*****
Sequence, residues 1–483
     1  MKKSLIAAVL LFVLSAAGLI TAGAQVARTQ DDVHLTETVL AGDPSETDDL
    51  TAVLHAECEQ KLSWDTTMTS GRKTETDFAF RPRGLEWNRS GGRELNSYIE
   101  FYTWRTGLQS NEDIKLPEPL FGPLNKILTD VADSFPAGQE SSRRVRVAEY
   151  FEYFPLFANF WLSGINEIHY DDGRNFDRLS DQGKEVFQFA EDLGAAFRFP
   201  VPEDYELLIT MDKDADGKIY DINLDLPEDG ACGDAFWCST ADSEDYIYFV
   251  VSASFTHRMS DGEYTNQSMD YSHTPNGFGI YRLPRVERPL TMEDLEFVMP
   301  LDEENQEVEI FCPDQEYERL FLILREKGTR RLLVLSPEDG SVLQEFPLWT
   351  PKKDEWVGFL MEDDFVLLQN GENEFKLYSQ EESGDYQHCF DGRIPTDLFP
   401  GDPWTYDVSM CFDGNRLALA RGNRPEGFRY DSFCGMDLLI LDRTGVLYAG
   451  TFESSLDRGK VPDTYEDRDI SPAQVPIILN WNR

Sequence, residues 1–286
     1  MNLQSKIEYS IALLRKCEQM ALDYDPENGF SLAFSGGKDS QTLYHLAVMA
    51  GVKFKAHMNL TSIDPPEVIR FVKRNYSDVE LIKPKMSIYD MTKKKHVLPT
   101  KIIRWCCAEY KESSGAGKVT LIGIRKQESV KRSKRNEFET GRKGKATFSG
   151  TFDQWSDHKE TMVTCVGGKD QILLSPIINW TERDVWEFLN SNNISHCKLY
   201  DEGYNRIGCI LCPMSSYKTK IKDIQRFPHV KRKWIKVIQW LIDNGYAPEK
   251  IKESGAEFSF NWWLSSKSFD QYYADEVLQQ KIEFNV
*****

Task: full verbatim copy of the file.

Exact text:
Sequence, residues 1–483
     1  MKKSLIAAVL LFVLSAAGLI TAGAQVARTQ DDVHLTETVL AGDPSETDDL
    51  TAVLHAECEQ KLSWDTTMTS GRKTETDFAF RPRGLEWNRS GGRELNSYIE
   101  FYTWRTGLQS NEDIKLPEPL FGPLNKILTD VADSFPAGQE SSRRVRVAEY
   151  FEYFPLFANF WLSGINEIHY DDGRNFDRLS DQGKEVFQFA EDLGAAFRFP
   201  VPEDYELLIT MDKDADGKIY DINLDLPEDG ACGDAFWCST ADSEDYIYFV
   251  VSASFTHRMS DGEYTNQSMD YSHTPNGFGI YRLPRVERPL TMEDLEFVMP
   301  LDEENQEVEI FCPDQEYERL FLILREKGTR RLLVLSPEDG SVLQEFPLWT
   351  PKKDEWVGFL MEDDFVLLQN GENEFKLYSQ EESGDYQHCF DGRIPTDLFP
   401  GDPWTYDVSM CFDGNRLALA RGNRPEGFRY DSFCGMDLLI LDRTGVLYAG
   451  TFESSLDRGK VPDTYEDRDI SPAQVPIILN WNR

Sequence, residues 1–286
     1  MNLQSKIEYS IALLRKCEQM ALDYDPENGF SLAFSGGKDS QTLYHLAVMA
    51  GVKFKAHMNL TSIDPPEVIR FVKRNYSDVE LIKPKMSIYD MTKKKHVLPT
   101  KIIRWCCAEY KESSGAGKVT LIGIRKQESV KRSKRNEFET GRKGKATFSG
   151  TFDQWSDHKE TMVTCVGGKD QILLSPIINW TERDVWEFLN SNNISHCKLY
   201  DEGYNRIGCI LCPMSSYKTK IKDIQRFPHV KRKWIKVIQW LIDNGYAPEK
   251  IKESGAEFSF NWWLSSKSFD QYYADEVLQQ KIEFNV